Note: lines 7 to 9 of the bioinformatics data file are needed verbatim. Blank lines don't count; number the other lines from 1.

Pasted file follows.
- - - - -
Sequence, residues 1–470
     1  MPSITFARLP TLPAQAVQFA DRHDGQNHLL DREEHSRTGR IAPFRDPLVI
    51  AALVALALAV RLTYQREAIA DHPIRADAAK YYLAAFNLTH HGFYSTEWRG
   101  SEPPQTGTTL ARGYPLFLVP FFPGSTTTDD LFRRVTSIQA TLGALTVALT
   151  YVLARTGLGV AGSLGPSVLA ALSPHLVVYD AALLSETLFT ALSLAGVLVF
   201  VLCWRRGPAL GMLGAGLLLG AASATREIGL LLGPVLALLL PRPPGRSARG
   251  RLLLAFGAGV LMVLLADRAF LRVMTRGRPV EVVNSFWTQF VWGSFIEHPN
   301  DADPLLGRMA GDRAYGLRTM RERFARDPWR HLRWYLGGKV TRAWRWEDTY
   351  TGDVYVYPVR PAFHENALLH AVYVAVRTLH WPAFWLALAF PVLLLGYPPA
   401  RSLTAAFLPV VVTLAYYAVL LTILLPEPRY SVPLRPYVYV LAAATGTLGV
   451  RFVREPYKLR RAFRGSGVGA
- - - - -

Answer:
   251  RLLLAFGAGV LMVLLADRAF LRVMTRGRPV EVVNSFWTQF VWGSFIEHPN
   301  DADPLLGRMA GDRAYGLRTM RERFARDPWR HLRWYLGGKV TRAWRWEDTY
   351  TGDVYVYPVR PAFHENALLH AVYVAVRTLH WPAFWLALAF PVLLLGYPPA